I’ve realised I’m not that great with the unknown. It can be scary not knowing what’s around the corner or on the other side of that bank of cloud when you’re high up on a mountain.
When faced with the unknown or uncertainty when we’re out on an adventure, we often instantly jump to the worst-case scenario: imagining we might be stuck on a rock face with a 30m drop below, getting lost in the woods and never finding our way home, or falling off the side of a mountain when visibility drops.
Two years ago when I climbed Mt Snowdon for the first time in appalling weather with poor visibility I had a meltdown. It also happened when I faced my first sea cliff rock climb.
It’s our natural flight or fight response based on self-preservation.
But we tend to focus on all the bad stuff that might happen (note that the word ‘might’ is defined as “expressing a possibility” meaning there is no guarantee) and forget that there is just as much of a likelihood of good things happening.
Indeed, this can play to all areas of life, not just adventures. And just sometimes, living in the moment and embracing the unknown, rather than worrying about ‘what ifs’, can bring opportunities or experiences you may not have been expecting but that warm your soul.
Take, for instance, my recent trip to the Cheviot Hills to climb volcano number nine in my #40by40 quest. We hadn’t even set off on the journey proper into the Northumberland wilderness when we were treated to an experience I certainly wouldn’t have predicted.
We could have stayed at the campsite to eat two-minute noodles for dinner and had an early night. Instead we decided to go to the pub.
We could have stayed for one drink and then retired to the campsite in preparation for the big walk the next day. Instead we decided to stay for one more at the pub and share a bag of salt and vinegar crisps.
I admit, I felt anxious. Staying late at the pub, drinking on virtually an empty stomach, when we had mountains to climb in the morning; for the control freak in me, I was feeling a bit uncomfortable.
But if we had left early – or indeed, not even ventured to the pub – we would have missed the OAP ukulele band. That’s right, who would have thought the town of Wooler would have an OAP ukulele band – and they were brilliant.
There we were sipping on our pints, boogying in our seats to Elvis, The Monkees, The Beatles and Johnny Cash, as these grey-haired musicians (and a token youth) strummed their ukuleles and belted out the songs.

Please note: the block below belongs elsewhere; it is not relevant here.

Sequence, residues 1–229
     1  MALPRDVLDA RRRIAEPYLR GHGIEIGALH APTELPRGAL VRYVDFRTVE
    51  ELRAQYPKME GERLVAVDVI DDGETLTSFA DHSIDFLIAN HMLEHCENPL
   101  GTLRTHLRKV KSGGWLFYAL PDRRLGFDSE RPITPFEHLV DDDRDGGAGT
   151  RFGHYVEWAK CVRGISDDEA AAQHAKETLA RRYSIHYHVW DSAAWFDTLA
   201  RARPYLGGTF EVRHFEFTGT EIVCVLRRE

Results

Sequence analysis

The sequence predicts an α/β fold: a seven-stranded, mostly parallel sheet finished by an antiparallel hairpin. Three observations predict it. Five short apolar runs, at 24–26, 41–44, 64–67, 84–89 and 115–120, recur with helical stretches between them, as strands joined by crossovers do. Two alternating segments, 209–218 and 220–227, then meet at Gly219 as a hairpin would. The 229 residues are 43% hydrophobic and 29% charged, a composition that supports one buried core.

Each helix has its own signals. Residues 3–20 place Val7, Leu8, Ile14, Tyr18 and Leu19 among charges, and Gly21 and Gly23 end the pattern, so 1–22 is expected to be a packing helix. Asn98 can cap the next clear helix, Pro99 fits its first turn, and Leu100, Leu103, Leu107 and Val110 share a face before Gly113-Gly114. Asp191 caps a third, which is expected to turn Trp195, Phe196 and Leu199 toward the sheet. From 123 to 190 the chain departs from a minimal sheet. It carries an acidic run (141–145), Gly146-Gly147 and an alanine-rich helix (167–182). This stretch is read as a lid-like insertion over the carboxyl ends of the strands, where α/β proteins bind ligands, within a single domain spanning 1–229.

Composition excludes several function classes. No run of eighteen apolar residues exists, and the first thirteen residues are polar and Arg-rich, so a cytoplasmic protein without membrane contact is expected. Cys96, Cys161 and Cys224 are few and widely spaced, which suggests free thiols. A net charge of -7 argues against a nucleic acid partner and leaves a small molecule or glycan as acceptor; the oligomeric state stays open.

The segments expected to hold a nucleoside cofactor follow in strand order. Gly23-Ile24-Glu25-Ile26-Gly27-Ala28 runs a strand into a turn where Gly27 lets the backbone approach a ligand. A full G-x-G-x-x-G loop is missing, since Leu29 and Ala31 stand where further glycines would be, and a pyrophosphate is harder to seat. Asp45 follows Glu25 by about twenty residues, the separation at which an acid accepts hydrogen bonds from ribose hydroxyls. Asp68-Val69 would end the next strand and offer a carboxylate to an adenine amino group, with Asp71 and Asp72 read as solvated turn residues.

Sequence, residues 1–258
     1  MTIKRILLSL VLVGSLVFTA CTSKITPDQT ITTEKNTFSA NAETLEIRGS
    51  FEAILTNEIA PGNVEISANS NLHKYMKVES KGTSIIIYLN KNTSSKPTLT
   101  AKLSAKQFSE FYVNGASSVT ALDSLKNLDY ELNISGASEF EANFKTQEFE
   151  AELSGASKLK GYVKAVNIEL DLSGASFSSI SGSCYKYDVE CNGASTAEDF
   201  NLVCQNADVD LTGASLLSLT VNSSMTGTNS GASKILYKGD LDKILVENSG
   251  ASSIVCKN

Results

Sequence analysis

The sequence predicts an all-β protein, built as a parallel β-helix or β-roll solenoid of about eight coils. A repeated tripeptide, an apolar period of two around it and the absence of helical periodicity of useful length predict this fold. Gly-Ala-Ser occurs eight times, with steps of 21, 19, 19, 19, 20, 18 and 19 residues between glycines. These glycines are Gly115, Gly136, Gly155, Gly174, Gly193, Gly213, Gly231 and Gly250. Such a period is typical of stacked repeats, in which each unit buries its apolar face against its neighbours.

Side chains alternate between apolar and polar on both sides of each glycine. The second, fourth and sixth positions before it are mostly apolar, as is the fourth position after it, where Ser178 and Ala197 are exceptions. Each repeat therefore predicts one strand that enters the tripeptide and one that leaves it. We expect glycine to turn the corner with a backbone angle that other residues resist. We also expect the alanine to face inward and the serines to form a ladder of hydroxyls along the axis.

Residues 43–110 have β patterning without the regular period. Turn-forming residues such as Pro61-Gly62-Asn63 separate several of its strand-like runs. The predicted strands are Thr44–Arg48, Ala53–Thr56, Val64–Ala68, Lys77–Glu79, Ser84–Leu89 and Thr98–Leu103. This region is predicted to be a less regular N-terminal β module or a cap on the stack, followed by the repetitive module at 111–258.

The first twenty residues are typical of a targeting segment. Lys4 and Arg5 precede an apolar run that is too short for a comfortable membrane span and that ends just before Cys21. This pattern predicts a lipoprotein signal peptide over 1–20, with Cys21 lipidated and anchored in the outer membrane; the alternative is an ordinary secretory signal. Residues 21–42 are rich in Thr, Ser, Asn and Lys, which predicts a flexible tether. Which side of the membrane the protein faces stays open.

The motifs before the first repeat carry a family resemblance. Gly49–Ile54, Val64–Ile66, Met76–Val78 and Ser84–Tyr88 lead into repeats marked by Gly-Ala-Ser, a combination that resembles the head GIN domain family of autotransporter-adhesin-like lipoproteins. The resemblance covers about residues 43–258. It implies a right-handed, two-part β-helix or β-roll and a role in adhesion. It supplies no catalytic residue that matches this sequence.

It was a good hour or so of quality entertainment.
When things don’t go to plan
Of course, even without the unknown or unexpected, bad things can sometimes happen or things don’t go to plan when you’re on an adventure. At times like these, it’s easy to get in a hump and believe the world is about to end.
But we get so caught up in the inconvenience of the unplanned something, we forget that there are often hidden opportunities, experiences or silver linings waiting to be revealed.
This was exactly the case for me this time last year, when the boyfriend got the car stuck in a paddock in Snowdonia.
All hopes of mountain climbing were stymied while we spent around three and a half hours trying to push the dratted car out of the paddock. I was understandably annoyed as we wasted the best part of a stunning winter day.
But after some muscle power from a couple of friendly welsh walkers, the car was rescued and we decided – albeit reluctantly – to give Mt Snowdon a go.
In many ways it was a bit late in the day to have embarked on such an ambitious walk, and I was wary of the snow and the limited daylight hours. But we pushed on and we got to the summit just as the sun was setting, turning the sky orange and the snow rose gold. It was magical – and it wouldn’t have happened if the boyfriend’s driving had been better.
The moral of these stories is that good things can come out of bad and the unknown doesn’t have to default to the scary or hold us back. Just sometimes the unexpected and unplanned mishaps can be a blessing in disguise; an experience that’s special and unique to you; something to be relished and savoured.
And sometimes that’s exactly what makes it more than just a bog-standard adventure.